Scott Foundas at the LA Weekly is more generous with the filmmakers, allowing that the film is "a largely faithful adaptation that nevertheless manages to improve upon the source material in several key respects," though the pair "can spin only so much cinematic silk from literary leather." Ed Gonzalez at Slant, after sharing about his fondness for Chris Evans, notes that "at least Annie considers the lifestyle of her employers… with an interesting mixture of jealousy and revulsion." And Armond White at the New York Press unexpectedly (okay, not really unexpectedly) likes the film, seeing in it the drama of "a young woman’s attempt to figure out her humanity," and writing that the filmmakers "movie culture’s unspoken taboo against class consciousness" and "comfortably deal with how race and class affect their characters’ ambitions and romantic lives."

And, since we gave just her "The Black Dahlia" romantic pairing a closer look, here’s one at ScarJo and her less complemented turn:

Stevens: "As for the inexpressive Johansson, she continues to prove that, though she can be charming as the passive object of others’ desire, her ability to carry a movie on her own is easily lost in translation."

Holden: "But Ms. Johansson’s Annie, who narrates the movie in a glum, plodding voice, is a leaden screen presence, devoid of charm and humor. With her heavy-lidded eyes and plump lips, Ms. Johansson may smolder invitingly in certain roles, but ‘The Nanny Diaries’ is the latest in a string of films that suggest that this somnolent actress confuses sullen attitudinizing with acting."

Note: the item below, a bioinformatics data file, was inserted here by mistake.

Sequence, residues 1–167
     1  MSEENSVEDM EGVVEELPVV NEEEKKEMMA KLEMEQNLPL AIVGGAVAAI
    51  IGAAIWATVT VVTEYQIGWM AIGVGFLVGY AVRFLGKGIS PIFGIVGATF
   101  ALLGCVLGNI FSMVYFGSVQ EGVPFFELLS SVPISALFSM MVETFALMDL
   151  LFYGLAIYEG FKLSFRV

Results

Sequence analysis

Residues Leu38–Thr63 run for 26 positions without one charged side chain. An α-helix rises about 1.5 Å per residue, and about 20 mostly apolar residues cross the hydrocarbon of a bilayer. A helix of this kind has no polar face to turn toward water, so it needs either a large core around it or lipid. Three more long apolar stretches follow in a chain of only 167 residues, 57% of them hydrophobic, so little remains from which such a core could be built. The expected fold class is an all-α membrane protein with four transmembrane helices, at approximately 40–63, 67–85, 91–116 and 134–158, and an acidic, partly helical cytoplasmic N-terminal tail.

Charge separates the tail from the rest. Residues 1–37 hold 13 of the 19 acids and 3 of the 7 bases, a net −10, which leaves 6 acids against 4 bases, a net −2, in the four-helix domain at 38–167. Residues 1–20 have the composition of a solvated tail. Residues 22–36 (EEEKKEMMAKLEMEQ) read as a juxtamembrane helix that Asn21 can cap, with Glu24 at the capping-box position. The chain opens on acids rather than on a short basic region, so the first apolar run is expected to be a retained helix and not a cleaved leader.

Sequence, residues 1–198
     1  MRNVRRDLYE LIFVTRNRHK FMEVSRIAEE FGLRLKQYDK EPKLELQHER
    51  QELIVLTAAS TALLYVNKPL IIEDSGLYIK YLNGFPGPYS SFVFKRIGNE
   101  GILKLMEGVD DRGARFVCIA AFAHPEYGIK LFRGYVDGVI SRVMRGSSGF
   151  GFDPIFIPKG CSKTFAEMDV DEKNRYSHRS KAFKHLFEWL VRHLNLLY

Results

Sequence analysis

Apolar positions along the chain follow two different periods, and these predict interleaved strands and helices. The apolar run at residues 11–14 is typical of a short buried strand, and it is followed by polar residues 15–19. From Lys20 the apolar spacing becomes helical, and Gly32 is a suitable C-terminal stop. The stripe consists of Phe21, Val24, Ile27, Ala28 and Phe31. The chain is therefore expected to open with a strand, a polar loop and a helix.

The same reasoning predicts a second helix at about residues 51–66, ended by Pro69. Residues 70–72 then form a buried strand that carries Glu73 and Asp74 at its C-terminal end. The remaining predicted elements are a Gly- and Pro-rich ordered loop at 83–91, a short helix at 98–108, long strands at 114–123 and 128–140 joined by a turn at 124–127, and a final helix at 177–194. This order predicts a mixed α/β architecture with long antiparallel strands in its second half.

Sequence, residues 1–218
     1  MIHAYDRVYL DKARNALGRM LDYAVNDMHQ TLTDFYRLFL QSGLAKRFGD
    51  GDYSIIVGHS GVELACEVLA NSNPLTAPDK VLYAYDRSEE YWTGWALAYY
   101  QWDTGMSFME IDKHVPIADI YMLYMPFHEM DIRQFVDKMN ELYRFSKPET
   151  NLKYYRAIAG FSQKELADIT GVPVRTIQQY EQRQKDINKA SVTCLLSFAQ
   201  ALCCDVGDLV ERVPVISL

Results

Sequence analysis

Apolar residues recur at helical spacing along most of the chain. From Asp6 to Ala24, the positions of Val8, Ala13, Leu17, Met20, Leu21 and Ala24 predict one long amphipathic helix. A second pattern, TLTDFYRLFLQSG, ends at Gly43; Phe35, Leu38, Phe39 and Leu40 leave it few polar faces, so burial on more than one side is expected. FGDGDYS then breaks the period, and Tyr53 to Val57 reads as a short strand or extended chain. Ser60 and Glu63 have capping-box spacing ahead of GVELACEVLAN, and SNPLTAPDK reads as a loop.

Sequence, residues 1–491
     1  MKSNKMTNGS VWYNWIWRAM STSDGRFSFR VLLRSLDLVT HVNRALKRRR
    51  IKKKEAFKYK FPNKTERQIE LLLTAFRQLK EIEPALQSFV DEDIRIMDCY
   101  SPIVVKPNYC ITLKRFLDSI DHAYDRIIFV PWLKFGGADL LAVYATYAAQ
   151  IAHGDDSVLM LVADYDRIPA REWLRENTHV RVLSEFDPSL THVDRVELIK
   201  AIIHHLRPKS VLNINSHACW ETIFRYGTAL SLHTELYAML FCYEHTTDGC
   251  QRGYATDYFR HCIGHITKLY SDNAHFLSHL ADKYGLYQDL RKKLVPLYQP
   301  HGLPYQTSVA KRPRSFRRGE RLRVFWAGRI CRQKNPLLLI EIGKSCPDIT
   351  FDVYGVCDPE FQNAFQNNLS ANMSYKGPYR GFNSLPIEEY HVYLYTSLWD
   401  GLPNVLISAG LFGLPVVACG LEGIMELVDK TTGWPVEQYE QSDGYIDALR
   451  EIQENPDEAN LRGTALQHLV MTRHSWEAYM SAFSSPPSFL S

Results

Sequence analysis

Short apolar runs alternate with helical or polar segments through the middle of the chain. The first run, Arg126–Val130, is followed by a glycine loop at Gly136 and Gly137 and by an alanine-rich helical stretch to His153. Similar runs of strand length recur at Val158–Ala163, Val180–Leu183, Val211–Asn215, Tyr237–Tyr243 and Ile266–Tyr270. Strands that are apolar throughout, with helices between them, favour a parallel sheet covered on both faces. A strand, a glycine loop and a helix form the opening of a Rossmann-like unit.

Edelstein: "But Johansson is even less of a comedian. She’s funny when she uses her drugged sexiness to convey lazy entitlement, as in Ghost World. But peppy and eager to please is a stretch. She’s uncommitted from the outset."

IFC_ComedyCrib_ThePlaceWeLive_SeriesImage_web

SO EXCITED!!!

Reminders that the ’90s were a thing

"The Place We Live" is available for a Jessie Spano-level binge on Comedy Crib.

Posted by on
GIFs via Giphy

Unless you stopped paying attention to the world at large in 1989, you are of course aware that the ’90s are having their pop cultural second coming. Nobody is more acutely aware of this than Dara Katz and Betsy Kenney, two comedians who met doing improv comedy and have just made their Comedy Crib debut with the hilarious ’90s TV throwback series, The Place We Live.

IFC: How would you describe “The Place We Live” to a fancy network executive you just met in an elevator?

Dara: It’s everything you loved–or loved to hate—from Melrose Place and 90210 but condensed to five minutes, funny (on purpose) and totally absurd.

IFC: How would you describe “The Place We Live” to a drunk friend of a friend you met in a bar?

Betsy: “Hey Todd, why don’t you have a sip of water. Also, I think you’ll love The Place We Live because everyone has issues…just like you, Todd.”

via GIPHY

IFC: When you were living through the ’90s, did you think it was television’s golden age or the pop culture apocalypse?